Though the United Kingdom’s decision to slash government spending and temporarily hike taxes in response to the Great Recession sent the country tumbling into a double-dip recession, the Conservative government announced on Wednesday that it would extend austerity measures for an extra year. Chancellor of the Exchequer George Osborne informed Parliament that the government planned to end austerity in 2018 rather than 2017, claiming that “it’s taking time but the economy is heading in the right direction” amidst what the New York Times described as “heckling and laughter from some members of Parliament.”
Their derision might be because austerity has failed the United Kingdom, much as it has failed the broader Eurozone and, on the state level, severely held back the American recovery. An apples-to-apples comparison between the U.K. approach and American stimulus suggests that stimulus caused the U.S. to beat growth expectations and Britain to lag behind them.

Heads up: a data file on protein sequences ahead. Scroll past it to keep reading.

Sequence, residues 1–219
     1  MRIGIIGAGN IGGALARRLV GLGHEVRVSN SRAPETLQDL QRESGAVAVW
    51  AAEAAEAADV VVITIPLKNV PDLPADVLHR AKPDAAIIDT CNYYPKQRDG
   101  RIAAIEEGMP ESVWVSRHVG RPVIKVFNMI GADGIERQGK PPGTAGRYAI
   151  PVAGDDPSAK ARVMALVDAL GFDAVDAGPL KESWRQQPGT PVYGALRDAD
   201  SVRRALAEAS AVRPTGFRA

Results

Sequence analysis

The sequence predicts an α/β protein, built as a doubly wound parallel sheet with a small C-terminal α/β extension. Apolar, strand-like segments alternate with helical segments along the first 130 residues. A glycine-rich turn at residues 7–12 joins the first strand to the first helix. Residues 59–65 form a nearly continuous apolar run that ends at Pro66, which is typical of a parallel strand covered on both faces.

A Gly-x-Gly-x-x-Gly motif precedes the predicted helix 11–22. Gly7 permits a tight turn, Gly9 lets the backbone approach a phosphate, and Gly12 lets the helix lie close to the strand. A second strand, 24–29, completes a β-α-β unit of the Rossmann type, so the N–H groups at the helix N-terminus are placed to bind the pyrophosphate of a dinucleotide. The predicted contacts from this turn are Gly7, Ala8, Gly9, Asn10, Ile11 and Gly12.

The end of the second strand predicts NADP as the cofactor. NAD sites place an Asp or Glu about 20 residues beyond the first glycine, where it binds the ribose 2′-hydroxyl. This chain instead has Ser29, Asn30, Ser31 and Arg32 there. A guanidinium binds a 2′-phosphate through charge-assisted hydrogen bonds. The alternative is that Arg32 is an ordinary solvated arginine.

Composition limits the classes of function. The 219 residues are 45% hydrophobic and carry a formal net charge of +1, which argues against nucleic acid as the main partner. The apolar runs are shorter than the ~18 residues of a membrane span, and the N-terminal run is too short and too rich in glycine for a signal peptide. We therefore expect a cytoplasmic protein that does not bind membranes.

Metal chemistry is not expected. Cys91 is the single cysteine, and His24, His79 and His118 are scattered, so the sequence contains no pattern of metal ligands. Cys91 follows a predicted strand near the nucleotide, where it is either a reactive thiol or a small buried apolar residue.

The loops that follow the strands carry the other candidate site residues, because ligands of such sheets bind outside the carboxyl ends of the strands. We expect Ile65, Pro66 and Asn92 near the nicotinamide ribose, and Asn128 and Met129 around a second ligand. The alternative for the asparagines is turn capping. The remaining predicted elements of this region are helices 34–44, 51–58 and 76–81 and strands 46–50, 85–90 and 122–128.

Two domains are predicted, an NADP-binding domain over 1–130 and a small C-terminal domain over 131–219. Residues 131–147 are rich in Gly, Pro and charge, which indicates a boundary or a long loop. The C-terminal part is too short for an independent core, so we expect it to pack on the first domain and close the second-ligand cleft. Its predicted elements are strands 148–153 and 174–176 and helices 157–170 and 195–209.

Broader European austerity caused its GDP to shrink over the past five years while the U.S.’ grew by 2.9 percent. And had state governments not implemented their own austerity plans in the form of slashing government jobs, American growth would have been even more robust.
Moreover, austerity doesn’t even accomplish its stated goal of reducing a government’s debt. The European experience proves that austerity hurts growth more than it reduces government spending, meaning it actually increases debt-to-GDP ratio. Indeed, as a chart by the conservative UK Spectator shows, Britain now has the highest deficit of any Western country despite its sever budget cutting: